Wednesday, 26 November 2014

Review: Lord of the Flies

Disclaimer: I read this novel, and the novels in the upcoming reviews, quite a while ago (mostly during the summer). Therefore, these reviews will be a little bit short and simple because I took no notes etc.

Title: Lord of the Flies
Author: William Golding
Genre: Young adult / Classic
Year: 1954
Pages: 202

A plane crashes on an island. Only children survive. For them, this first appears a utopia: no adult supervision, Ultimate freedom. This changes quickly. Fights about who is to lead. The youngest children scared for a 'monster'. The perfect world collapses into a nightmare.
     While I was aware of the horrifying turn the novel would make later on, the beginning of the novel felt like an adventure story. Perhaps I had understood other people wrongly, maybe this was not such a haunting story. Obviously, I was too naive, and the tone of the story changed quickly.
     In the very beginning, already, there is the notion of power, of leadership. Who is to lead the group? Even when we've only been introduced to two characters, there is already a clear 'superior'. When more children come together, this battle becomes even more intense. Without authority, the children immediately decided some structure was needed, tasks also are divided. However, this results in multiple quarrels. Reading the novel critically, the novel never starts out as an excitin adventure, it's already a dramatic horror story to begin with.
    The structure they impose on themselves may delude the reader into thinking the children have it all together. Alright, there is a struggle on whom is to do what, but there's no real harm in that. Quickly, though, the children turn into savages, and the slight order they had is turned around. They split up into two camps who fight eachother brutally and this is when any reader will be disgusted and terrified.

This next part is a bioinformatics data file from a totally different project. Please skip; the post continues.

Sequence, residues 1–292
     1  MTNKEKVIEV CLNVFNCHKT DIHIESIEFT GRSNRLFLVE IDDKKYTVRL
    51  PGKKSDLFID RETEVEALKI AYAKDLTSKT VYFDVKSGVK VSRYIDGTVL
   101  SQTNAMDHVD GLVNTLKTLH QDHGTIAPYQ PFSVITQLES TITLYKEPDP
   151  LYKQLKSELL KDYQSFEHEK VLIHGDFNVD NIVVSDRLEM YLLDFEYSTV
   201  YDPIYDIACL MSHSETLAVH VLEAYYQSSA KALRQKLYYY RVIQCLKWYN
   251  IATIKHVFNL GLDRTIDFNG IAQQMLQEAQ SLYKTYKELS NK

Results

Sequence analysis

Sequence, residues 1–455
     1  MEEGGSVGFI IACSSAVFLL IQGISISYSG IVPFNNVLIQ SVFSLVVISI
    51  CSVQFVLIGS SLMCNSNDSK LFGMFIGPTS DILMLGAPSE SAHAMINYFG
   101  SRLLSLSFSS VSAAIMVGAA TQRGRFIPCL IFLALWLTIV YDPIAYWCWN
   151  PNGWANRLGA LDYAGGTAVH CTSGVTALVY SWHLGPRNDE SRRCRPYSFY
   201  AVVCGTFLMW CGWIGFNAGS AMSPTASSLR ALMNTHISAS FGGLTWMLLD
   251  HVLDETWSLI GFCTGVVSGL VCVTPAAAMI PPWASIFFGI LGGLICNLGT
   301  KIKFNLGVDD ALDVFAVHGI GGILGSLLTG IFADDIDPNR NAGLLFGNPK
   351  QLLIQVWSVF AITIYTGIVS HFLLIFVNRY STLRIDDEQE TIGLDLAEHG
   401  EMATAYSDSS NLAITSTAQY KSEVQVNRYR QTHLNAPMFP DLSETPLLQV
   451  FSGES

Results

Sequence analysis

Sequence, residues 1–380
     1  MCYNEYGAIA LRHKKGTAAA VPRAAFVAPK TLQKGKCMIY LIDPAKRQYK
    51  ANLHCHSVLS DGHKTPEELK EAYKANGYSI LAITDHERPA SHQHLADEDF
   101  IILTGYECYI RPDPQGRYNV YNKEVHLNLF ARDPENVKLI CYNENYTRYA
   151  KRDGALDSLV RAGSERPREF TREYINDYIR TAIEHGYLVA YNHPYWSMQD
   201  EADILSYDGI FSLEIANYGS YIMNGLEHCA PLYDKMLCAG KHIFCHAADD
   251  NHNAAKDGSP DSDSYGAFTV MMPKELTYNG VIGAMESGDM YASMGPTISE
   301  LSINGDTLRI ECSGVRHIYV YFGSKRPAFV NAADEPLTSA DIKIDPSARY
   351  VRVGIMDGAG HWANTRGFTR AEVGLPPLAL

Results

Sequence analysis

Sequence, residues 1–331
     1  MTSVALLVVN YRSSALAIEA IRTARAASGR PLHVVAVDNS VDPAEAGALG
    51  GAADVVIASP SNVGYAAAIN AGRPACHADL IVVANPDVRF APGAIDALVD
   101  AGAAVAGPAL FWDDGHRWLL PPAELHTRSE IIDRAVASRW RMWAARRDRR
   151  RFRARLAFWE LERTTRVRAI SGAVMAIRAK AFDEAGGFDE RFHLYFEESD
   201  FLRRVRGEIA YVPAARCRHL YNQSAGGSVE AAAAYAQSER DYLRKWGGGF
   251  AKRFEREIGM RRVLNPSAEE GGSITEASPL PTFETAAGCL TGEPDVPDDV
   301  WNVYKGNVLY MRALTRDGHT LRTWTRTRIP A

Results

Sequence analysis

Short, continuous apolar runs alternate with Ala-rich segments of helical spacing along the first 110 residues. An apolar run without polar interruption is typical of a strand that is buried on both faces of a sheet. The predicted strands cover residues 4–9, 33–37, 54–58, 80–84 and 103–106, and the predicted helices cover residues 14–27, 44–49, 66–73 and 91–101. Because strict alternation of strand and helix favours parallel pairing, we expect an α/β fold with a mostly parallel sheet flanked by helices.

A few things bothered me about this novel, probably all related to the fact that it is a children's book. The writing style was, to me, uncompelling, and resulted in me having a hard time reading the novel quickly as I was unable to concentrate for too long. I cannot truly remember what it was about the style, but I feel like it is likely a result of Golding's eyed audience. This is also the case in terms of morals: they are too obvious which annoyed me.
    However, Golding makes up for this by writing no single sentence without allusions. Any sentence can be analysed, and on each page one can write a three thousand word essay. This is interesting and extremely entertaining, but only to a certain extend. I could not be bothered to actually look into each word in great depth, as that would slow down my reading so much, and honestly, I can only bring myself to doing that for some of my favourite novels, and this one is not one.
     I do feel everyone should have read it. It is a classic, and it is rightly so.

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